By James Hiler | Indiewire October 29, 2013 at 10:20AM
Horror films have long been a mainstay on the independent film scene. Considering the relatively inexpensive production costs and devoted fan-base that promises returns for financiers, countless filmmakers have taken the plunge and painted the screen red with blood. Many of these filmmakers, with their unique visions of the low-budget horror troupes, end up altering the genre itself and changing the direction of cinema. Below, just in time for Halloween, are 10 horrors that changed the game. (This is by no means a comprehensive list of every horror film that has made a dent on indie cinema. Please include your own picks in the comment section below.) Click on film title for more info.
Despite a few tactful changes to naming the undead, "Nosferatu" was deemed the unauthorized adaptation of Bram Stoker's "Dracula" and was doomed to be destroyed. However, a print of the film emerged and was duplicated, saving this German expressionistic horror. As you watch the film below, notice how Max Schreck's Count Orlok eyes never seem to blink which adds even more to his unnerving performance.
"Night of the Living Dead" (1968)
The Godfather of today's cultural craze for all things zombie, "Night of the Living Dead" actually never once referenced these creeping ghouls as zombies. These flesh eaters were actually the result of nuclear radiation which is just one of the many Cold War and cultural critiques laid out in this film. "Night of the Living Dead" is worth watching if only to first see all the troupes of the zombie genre picture as they are first established by legendary horror director George A. Romero.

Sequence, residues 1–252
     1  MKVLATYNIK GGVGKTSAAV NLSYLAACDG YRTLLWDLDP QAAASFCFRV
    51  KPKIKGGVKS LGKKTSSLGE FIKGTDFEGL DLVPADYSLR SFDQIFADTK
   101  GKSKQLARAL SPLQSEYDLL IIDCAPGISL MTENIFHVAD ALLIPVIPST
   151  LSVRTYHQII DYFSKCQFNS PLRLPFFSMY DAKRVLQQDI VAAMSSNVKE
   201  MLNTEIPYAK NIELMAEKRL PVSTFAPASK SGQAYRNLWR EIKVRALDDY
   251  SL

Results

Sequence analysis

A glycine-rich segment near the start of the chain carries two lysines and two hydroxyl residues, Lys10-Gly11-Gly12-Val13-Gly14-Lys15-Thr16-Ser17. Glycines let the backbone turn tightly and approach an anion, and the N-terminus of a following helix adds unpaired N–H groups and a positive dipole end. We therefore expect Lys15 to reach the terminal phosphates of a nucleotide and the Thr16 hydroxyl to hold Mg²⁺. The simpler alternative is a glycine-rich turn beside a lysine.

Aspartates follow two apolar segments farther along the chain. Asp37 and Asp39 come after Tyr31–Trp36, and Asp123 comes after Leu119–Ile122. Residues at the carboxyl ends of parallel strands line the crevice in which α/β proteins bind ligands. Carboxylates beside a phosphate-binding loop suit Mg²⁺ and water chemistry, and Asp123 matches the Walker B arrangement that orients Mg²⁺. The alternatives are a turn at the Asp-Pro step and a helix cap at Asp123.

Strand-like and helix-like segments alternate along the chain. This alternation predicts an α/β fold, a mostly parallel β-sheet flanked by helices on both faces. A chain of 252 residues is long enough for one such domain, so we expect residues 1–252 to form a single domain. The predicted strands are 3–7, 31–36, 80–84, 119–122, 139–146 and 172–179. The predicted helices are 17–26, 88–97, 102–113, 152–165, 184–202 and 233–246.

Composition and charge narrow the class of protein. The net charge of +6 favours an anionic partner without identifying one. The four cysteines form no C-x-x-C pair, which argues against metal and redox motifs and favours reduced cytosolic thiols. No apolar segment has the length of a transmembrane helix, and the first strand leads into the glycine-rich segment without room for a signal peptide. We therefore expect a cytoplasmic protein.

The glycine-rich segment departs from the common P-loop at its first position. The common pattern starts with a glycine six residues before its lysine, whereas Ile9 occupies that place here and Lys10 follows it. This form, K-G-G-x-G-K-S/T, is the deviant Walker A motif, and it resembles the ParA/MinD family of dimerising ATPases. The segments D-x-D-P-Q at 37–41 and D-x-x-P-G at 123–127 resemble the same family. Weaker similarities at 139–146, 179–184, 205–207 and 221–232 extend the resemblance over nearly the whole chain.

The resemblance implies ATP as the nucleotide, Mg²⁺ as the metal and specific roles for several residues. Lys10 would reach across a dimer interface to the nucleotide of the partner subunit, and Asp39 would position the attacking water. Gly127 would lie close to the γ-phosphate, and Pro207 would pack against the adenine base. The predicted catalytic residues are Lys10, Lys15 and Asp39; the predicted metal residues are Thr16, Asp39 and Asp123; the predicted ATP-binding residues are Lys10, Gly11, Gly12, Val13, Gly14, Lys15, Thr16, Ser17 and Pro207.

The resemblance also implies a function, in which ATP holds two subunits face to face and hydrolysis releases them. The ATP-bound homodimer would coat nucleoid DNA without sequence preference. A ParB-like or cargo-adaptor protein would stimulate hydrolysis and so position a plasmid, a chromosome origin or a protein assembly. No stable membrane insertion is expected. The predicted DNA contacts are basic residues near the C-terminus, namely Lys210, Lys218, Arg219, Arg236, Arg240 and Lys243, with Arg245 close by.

"The Texas Chainsaw Massacre" (1974)
Though initially banned in several countries, "The Texas Chainsaw Massacre" is now considered one of the greatest horror films of all time. The film which follows a group of teens as they eventually fall prey to an impossibly terrifying family of cannibals and the hulking screaming monster that is Leatherface, is a prime example of 1970s exploitative cinema. The truly shocking feature of this film however is the difference between the amount of blood on screen and how much you think is there.
Despite blood red making a prominent mark in this Italian horror, director Dario Argento makes all his colors vibrant in this 1977 classic. Drastic lighting and a near perfect soundtrack breathe a nightmarish quality into "Suspiria" that is ultimately enthralling and terrifying.
"Halloween" helped define the art of the slasher film. Departing from the screaming monsters and crazed killers, John Carpenter's Michael Myers is slow moving, unemotional, and effective. With a featureless white mask (the painted mask of William Shatner), the audience is able to project anything they want on this single murderous force. However, the true genius of "Halloween" is the use of point of view shots that puts Myers' mask on the audience and the knife in their hand.